An abuse of dominant power in the market can affect all the stakeholders involved, and despite the fact that there are laws in prohibition of such acts, there is a fine line on the basis of which several loopholes can be exploited. So, does this mean there is a requirement for more fool-proof absolute legislation? While that possibility remains, probably the most important matter to be taken into cognizance at the moment pertains to the intrinsic ethical responsibility of corporates. There is a general degradation in moral integrity in society, which is why the government must incentivise morally sound practices.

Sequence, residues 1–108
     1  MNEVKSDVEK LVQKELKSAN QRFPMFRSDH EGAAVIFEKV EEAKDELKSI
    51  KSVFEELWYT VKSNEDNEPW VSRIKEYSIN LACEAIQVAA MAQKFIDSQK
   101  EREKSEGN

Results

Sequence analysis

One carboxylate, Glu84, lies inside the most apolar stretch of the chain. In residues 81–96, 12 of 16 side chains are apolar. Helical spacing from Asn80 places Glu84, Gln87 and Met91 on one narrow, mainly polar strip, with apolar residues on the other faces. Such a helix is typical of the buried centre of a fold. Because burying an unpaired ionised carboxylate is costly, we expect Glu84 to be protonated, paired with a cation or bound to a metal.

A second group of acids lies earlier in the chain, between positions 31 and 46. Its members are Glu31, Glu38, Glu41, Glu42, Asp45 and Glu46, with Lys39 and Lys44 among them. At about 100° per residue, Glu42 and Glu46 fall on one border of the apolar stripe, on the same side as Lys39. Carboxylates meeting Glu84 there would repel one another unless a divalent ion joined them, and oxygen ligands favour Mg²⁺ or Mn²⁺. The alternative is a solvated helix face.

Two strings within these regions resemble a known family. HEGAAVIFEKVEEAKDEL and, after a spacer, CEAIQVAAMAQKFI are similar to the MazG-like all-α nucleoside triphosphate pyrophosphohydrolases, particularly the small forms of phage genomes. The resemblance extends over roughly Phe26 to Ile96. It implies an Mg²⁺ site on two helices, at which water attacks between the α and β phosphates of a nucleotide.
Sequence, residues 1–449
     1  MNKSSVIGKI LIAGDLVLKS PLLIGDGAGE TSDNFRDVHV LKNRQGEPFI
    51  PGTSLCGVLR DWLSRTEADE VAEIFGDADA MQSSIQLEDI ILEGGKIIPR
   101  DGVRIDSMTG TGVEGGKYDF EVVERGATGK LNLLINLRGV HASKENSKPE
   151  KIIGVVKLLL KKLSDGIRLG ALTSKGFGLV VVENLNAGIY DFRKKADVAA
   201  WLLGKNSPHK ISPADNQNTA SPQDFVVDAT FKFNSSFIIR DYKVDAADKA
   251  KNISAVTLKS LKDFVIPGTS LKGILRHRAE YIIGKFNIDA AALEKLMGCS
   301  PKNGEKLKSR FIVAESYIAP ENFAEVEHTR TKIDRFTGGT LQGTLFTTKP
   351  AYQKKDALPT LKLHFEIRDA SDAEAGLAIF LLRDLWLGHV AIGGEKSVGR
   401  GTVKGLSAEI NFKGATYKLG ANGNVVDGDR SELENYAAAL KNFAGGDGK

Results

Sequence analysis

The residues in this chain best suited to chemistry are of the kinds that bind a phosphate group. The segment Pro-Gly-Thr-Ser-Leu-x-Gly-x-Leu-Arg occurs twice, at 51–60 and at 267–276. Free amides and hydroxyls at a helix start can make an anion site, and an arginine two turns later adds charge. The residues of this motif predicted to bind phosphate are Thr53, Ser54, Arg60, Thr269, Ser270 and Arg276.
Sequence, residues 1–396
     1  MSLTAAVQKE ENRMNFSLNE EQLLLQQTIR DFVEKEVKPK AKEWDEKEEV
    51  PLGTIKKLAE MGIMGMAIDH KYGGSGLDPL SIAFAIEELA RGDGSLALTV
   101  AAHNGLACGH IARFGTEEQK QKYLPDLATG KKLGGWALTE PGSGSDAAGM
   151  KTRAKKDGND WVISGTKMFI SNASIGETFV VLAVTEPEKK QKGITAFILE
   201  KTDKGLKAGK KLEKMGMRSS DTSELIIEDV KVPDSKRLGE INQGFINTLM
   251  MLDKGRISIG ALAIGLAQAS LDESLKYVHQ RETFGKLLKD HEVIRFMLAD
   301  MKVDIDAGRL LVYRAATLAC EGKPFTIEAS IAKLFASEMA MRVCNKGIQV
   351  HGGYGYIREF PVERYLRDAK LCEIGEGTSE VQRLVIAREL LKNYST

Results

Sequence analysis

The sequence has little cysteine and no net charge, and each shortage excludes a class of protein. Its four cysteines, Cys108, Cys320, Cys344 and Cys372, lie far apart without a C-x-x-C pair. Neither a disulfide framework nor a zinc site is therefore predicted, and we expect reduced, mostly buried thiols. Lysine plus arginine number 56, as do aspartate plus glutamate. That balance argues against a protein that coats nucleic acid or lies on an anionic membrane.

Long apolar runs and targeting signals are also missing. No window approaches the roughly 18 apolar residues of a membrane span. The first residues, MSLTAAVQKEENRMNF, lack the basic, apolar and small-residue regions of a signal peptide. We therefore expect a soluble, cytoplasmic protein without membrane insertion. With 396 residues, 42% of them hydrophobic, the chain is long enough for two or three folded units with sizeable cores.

We see that the mandate for Corporate Social Responsibility has organisations like the ITC contributing towards social growth and development. Role models in the field like Ben and Jerry’s Ice Cream, an American company, contribute up to 7.5% of their profits towards the progress of society. The gravity of the situation is visible when we take a glance at the different varieties of cost in economics. The average eleventh grade Business Studies textbook defines the only objective of a business as ‘profit making’. This definition, in the author’s view, is toxic to the holistic growth of the economy. If the success of a business entity is measured purely monetarily, the other social costs that are borne by individuals who never get a cut in the profits that they are sacrificing something to produce, will go unaccounted for.